This is not orthodox Christianity.
Christianity believes in a very personal God who came as a human being and was intimately involved in the day to day life events of his time. After going to be with his Father, Jesus sent us the Holy Spirit that we might continue to experience the immanence of God in our lives. I’m concerned that our fear of personalizing Jesus excessively, our hesitations around dodgy prosperity type theology and current critiques of glib expressions of faith are driving us. We might inadvertently be giving muscle to this hermeneutic of doubt which exists gladly in our culture already, causing us to act like Deists which makes us miss out on the joys of a personal relationship with the God of this universe.
I was a functioning Deist for some time. After my faith crisis I wanted to hold onto my faith even though I couldn’t provide a rationale for a personal, interventionist God anymore. It seemed the only way I could do this was to embrace deism. I never defined it as such. But in effect that is what I was practicing.
However, increasingly, it didn’t seem to make any sense to me. Increasingly I saw God provide, show up, intervene in ways that my doubting mind couldn’t doubt anymore. I still retain that element of doubt in the expression of my faith. But I won’t let it become a hermeneutic. At least I try not to let it. And I ask God to help me keep it in check. I plead with him sometimes to do that because I don’t want to lose my ability to relate to God on a daily basis in a very mundane sort of way. Interaction with God does not have to be spectacular, it’s simply knowing that he is present, he provides and that he will intervene when I pray. Maybe this sounds naive to some people. Perhaps it even sounds wrong to put that kind of pressure on God.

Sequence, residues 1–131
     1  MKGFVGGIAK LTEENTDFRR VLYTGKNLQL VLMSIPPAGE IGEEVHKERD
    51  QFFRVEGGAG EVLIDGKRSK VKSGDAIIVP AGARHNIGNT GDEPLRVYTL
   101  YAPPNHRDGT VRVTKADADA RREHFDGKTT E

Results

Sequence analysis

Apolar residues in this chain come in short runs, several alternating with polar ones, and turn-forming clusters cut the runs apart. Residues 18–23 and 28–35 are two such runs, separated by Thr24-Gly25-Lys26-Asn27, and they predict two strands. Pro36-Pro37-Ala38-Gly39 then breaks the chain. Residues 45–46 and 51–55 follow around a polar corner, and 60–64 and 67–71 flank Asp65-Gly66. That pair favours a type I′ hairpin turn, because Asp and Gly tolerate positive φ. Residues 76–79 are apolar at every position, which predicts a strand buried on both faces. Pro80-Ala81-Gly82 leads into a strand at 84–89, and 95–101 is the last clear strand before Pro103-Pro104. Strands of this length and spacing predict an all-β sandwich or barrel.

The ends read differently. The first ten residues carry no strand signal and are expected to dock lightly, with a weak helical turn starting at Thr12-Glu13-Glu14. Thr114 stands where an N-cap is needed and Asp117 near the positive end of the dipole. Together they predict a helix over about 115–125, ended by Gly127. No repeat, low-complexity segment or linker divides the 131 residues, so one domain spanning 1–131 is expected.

I think however, this is what people are calling out for.
In a conversation I had with someone recently who does not follow Jesus she explained to me her love of new age crystals and all things spiritual. When I inquired a little further she shared with me stories about how her friend had performed a “cleansing ceremony” in her home and now she does not feel the presence of evil anymore. It seemed to me, she wanted a God who she could connect with and who would help her in life. I realize that in thinking of God in this way we can fall into the trap of creating a god in our image who is like a genie in a bottle and must be present to meet our every wish as soon as we call. However, I discerned a different tone in my new friend’s voice. It wasn’t selfish, it wasn’t demanding. It was a tone of gratitude and longing for a God she could relate with.
This open posture towards a personal God is necessary for our missional witness. As Gary Tyra argues, “If this is true that some of the most influential missiologists of our day see a crucial connection between ecclesiology and pneumatology…does this not imply the need for a missional pneumatology – a theology of the Spirit that can enable evangelical churches in the West to respond to its increasingly post-Christian environment in a missionally faithful manner?” (2)
Will we let fear and doubt primarily drive us or will we be driven by the definitions and freedoms of our faith which have been established by God? If we chose the latter it will certainly be more messy. We will have to accept the mystery of God in a more profound way and that we don’t have answers for why it seems as though he does not show up many times. But I think it’s worth it as we live in and breath the air of a culture of doubt, skepticism and cynicism in our society.
We must ask God to help us use doubt to deepen our faith rather than to define it.
John Patrick Diggens. “The Godless Delusion” New York Times Sunday Book Review, December 16, 2007.Gary Tyra. The Holy Spirit on Mission (Downers Grove; IVP, 2011).
First published on Missio Alliance.
Karina Kreminski is Lecturer in Missional Studies at Morling College Sydney in Australia. Before that she was leading and pastoring a church for 13 years. She was ordained in 2002. Karina is looking into planting a church in the inner city and has a doctorate from Regent University in the area of missional church formation. She teaches and preaches at churches and events and also loves to mentor emerging leaders.